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November 18, 2016

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UBS eyes access to talent and technology

SWISS-BASED investment bank UBS Group AG unveiled a major business expansion in China earlier this month, with the opening of a new center in the Jiangsu Province city of Wuxi, which is about 140 kilometers west of Shanghai.

The new Business Solution Centre has employed about a staff of 200. The bank also said investment will be made in new technology such as blockchain.

The expansion appears to buck the global trend of banks tightening their belts amid slower profit growth and uncertain geopolitical events.

Axel P. Lehmann, group chief operating officer of UBS, sat down with Shanghai Daily in company’s new office in downtown Wuxi to discuss China expansion and technology-driven innovation.

Q: The banking industry is facing challenges worldwide. But UBS is now announcing a major expansion in China with its new Business Solution Centre. What’s the strategy behind that?

A: As you say, the banking industry is in a huge transformation. So it’s really important for a global bank like us to have presence in key markets. It’s also important for UBS business solution centers to have access to emerging talent pools globally. UBS business solution is a global concept. We have already rolled it out in Poland, India and the US. The opening in Wuxi is just another milestone for us.

Q: How does it all relate to cost factors?

A: Cost is always a topic, but it’s more about effectiveness and efficiency. Through our new site in Wuxi, UBS can for example, expand its capabilities by attracting extremely well-educated quantitative analysts and mathematicians in China. Wuxi has a population of 6.5 million, with great educational facilities and well-known universities. So we have clear hopes that we can attract the best and brightest talents to support UBS businesses. That is the biggest advantage we see.

We have now roughly 200 staff in Wuxi and will expand that to accommodate up to 500 employees over the next two to three years. The setting up of a business solution center here is in line with our strategy to double our staff and business volume in China by 2020.

Q: UBS is spending around 1 billion Swiss francs (US$1 billion) to standardize its IT platform across its wealth management business. Does that mean further slimming of UBS’s investment bank business and an increase in wealth management business? How will that affect business in China?

A: The development of the wealth management IT platform is independent from businesses related to our investment bank and asset management businesses. It is part of our efforts to improve efficiency and effectiveness and to streamline our IT platforms for wealth management.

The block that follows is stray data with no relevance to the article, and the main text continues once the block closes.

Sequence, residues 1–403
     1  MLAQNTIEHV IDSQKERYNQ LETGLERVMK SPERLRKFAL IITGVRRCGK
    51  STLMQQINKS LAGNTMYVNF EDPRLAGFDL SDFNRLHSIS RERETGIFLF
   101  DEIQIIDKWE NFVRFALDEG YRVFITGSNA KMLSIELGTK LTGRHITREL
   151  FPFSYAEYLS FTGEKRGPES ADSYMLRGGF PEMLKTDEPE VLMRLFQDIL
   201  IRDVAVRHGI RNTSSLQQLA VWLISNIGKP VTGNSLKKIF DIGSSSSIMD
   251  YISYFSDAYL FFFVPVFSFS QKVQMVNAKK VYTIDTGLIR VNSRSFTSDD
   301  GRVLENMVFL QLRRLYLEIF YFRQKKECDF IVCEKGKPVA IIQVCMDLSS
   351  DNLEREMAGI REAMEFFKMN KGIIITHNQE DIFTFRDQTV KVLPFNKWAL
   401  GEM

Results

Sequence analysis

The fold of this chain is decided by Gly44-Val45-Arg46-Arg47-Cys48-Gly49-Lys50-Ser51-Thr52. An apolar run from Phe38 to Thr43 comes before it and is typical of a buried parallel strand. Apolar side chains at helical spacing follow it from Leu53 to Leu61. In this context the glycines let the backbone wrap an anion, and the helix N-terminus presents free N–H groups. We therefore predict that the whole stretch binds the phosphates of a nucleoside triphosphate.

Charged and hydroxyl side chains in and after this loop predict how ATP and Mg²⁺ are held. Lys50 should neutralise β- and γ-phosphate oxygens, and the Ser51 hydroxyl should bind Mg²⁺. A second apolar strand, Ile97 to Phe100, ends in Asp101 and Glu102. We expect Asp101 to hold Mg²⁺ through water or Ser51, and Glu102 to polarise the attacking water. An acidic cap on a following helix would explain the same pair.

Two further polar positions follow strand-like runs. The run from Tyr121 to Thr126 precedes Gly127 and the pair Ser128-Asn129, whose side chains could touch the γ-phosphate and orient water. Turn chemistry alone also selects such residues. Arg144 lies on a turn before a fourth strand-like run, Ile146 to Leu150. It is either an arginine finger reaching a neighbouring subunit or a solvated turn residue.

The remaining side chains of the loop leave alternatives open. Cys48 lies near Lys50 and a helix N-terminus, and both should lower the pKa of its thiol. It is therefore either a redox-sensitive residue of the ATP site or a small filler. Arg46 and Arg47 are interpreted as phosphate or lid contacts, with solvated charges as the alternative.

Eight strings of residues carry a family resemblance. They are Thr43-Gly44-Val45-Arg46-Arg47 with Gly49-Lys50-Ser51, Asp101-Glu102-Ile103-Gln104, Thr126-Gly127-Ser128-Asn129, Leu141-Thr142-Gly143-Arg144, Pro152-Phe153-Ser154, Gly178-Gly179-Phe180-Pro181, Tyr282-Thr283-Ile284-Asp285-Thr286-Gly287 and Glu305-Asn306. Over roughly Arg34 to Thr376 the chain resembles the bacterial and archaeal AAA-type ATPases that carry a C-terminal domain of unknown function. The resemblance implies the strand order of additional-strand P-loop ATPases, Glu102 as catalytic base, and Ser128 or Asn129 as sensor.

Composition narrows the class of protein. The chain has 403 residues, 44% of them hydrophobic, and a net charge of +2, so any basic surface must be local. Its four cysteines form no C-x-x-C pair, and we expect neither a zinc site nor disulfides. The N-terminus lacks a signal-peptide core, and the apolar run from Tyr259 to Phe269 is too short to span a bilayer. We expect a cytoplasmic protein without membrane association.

Our China’s business presence is in line with our strategy of clearly positioning UBS as a leading investment bank globally. We have strong presences in Europe and US, and we see increasing activity in China, such as outbound transactions. Expanding our domestic wealth management and asset management businesses also form part of our China strategy.

Q: In this age of technology, what’s the UBS view on the application of blockchain?

A: UBS sees potential in blockchain technology, but it will take some years before you see meaningful and successful commercial applications. In the next five to 10 years, when it comes to the potential application of so-called “public blockchain,” what you will see is more companies and government institutions using blockchain to facilitate information sharing. But on a broader scale, it will take time for people to see the benefits of its full deployment.

Q: Do you have any examples of successful banking pilot projects using blockchain?

A: We have developed several pilot projects, including using such technology to issue “smart bonds,” a leaner and more transparent way to raise capital, and in “loyalty payments,” an application where e-commerce payments are instantly settled with loyalty points as crypto currency.

Most recently, we announced a partnership with three banks plus technology companies to further explore what we call the “utility settlement coin,” a concept that helps to translate bitcoin-like money and link it back to real-time central bank money, like US dollars, Swiss francs or renminbi.

Q: The technology of blockchain behind bitcoin was designed to do away with banks, but now top global banks are racing to make it work for them. Some may accuse banks of trying to play monopoly with the new technology. What’s your view on that?

A: I don’t think so. You could view blockchain technology as a kind of taking-over part of the value chain that banks are providing. On the other hand, it’s a great opportunity to make the banking and financial system much more effective, efficient and safer. In this regard, it’s a very important area for us to invest in to improve our overall value offering. So we are cooperating with our own in-house innovation labs as well as promoting an open architecture to share our information and data.

Q: You joined UBS as group COO earlier this year. What are your top priorities?

A: My priorities are absolutely clear. First, to continue to support and help drive transformation of the group, in particular combining innovation and digital operations. Second, to look at innovative forms to structure the bank on a going-forward basis that supports collaboration, either together with industry partners or industry utilities.


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